Memories fade and employees come and go. That’s why it’s crucial for HR to keep certain records for future reference. Among these records are organizational charts showing who had supervisory and other authority over other employees.
Here’s why: Lawsuits over lost promotions or firings can take years before they actually go to trial, even if employees have a relatively short time frame in which to make their original claims with the EEOC or a state discrimination agency.
But litigation often centers on work relationships and reporting authority. Was the person who allegedly discriminated, harassed or otherwise harmed a subordinate a supervisor? Did that person have a significant say in promotions, demotions or firings?
Without clear records, you may not be able to explain to a court who was actually in charge and who was not.
Recent case: Stephanie Goebelbecker, who is black, claimed her supervisor told her that she’d never be promoted because she is a woman. When she was constantly passed over for promotions, she sued, alleging race and sex discrimination.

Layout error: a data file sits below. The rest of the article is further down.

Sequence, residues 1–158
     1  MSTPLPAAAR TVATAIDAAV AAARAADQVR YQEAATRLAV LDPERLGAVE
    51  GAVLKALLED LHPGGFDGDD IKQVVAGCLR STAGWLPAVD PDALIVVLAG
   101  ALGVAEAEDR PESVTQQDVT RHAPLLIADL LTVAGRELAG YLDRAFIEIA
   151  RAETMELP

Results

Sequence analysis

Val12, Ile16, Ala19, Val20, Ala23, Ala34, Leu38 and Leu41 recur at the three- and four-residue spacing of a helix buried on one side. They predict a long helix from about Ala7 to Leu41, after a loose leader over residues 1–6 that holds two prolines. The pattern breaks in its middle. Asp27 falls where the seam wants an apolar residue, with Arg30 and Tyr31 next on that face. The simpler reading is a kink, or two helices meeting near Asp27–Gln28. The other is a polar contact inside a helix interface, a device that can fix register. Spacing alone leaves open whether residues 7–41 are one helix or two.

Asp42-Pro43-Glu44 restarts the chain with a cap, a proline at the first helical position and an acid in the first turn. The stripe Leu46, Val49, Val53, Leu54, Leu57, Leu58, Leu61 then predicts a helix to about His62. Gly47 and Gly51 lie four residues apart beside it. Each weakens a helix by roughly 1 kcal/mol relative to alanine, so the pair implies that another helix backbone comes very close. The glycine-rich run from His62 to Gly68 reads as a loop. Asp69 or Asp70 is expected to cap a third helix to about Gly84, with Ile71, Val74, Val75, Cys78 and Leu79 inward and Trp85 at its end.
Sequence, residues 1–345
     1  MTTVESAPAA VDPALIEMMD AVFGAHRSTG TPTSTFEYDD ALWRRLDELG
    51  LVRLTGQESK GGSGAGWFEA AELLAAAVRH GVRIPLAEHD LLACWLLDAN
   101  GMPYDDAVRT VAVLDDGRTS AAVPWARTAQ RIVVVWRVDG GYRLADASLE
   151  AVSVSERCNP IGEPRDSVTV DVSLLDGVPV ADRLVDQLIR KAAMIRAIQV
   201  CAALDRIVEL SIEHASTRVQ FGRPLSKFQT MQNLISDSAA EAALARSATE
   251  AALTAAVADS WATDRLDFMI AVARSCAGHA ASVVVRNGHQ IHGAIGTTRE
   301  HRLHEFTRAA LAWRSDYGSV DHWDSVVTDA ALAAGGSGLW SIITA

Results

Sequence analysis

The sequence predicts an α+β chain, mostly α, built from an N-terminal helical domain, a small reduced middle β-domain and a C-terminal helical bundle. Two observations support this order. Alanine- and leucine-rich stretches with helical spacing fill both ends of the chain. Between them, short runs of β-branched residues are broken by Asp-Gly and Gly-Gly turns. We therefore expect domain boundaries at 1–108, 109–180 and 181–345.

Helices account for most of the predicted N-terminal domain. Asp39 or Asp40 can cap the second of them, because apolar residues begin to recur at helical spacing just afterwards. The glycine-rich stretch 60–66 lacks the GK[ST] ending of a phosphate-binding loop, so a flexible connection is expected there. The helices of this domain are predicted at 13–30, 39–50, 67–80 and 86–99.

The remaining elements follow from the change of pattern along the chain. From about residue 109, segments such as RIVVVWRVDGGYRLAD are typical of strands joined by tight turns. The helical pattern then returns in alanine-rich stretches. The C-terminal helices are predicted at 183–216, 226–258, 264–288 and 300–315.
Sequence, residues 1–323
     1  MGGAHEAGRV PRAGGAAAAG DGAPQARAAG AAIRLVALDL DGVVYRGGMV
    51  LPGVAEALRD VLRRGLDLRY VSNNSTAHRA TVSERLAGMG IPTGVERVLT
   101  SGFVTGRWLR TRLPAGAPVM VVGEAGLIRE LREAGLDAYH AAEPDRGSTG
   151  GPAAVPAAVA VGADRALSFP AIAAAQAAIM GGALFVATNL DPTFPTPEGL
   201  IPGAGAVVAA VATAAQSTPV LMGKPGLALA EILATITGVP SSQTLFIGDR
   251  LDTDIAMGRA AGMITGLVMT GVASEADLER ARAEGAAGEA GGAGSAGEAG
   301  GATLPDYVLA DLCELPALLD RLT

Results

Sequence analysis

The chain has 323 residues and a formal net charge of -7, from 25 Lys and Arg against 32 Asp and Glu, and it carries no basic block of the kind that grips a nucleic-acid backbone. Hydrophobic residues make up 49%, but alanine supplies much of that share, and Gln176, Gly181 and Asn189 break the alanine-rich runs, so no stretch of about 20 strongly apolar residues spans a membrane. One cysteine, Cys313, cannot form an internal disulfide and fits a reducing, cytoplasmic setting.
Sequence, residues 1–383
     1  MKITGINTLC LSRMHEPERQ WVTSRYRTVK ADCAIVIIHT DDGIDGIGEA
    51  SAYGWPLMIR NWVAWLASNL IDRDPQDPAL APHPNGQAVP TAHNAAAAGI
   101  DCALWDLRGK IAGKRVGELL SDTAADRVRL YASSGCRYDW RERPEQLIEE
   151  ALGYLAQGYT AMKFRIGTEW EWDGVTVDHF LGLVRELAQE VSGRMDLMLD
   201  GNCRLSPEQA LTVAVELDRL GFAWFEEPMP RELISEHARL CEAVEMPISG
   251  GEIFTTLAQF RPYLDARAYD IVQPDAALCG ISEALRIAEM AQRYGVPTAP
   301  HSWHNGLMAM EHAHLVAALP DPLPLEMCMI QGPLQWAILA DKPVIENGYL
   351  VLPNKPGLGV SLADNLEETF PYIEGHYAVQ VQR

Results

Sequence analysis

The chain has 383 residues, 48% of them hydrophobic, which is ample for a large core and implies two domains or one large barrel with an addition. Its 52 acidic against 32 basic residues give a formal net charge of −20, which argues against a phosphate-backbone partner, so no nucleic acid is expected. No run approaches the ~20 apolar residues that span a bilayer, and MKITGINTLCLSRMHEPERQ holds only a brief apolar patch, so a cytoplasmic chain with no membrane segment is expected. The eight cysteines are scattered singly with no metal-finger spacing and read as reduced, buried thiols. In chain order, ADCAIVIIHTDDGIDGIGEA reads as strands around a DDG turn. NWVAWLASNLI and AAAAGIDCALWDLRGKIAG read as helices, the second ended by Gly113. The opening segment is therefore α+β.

Her employer told the court that the man Goebelbecker said was her supervisor really had had no supervisory authority over her and introduced an organizational chart.
Unfortunately, although the year in question was 2002, the document bore the date Dec. 27, 2006. The court noted other discrepancies as well and ignored the chart.
Despite this goof, the employer lucked out. The court dismissed the case for other unrelated reasons. (Goebelbecker v. Plastipak Packaging, No. 1:06-CV-576, ND OH, 2007)
Best bet: Print a dated copy of the organizational chart each time it is updated, and file the physical copy. A neat, chronological file is much more likely to be regarded as authentic than an electronic copy—which could be manipulated. Don't discard old org charts unless everyone on that chart has been gone for at least three years.